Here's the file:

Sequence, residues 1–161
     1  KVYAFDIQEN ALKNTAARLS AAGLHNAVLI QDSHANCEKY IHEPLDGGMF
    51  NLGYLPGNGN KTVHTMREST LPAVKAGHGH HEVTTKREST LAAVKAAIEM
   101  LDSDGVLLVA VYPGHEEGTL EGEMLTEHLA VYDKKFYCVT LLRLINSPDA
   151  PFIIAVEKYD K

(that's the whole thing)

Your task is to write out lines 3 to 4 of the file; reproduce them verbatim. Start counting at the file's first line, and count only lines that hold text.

    51  NLGYLPGNGN KTVHTMREST LPAVKAGHGH HEVTTKREST LAAVKAAIEM
   101  LDSDGVLLVA VYPGHEEGTL EGEMLTEHLA VYDKKFYCVT LLRLINSPDA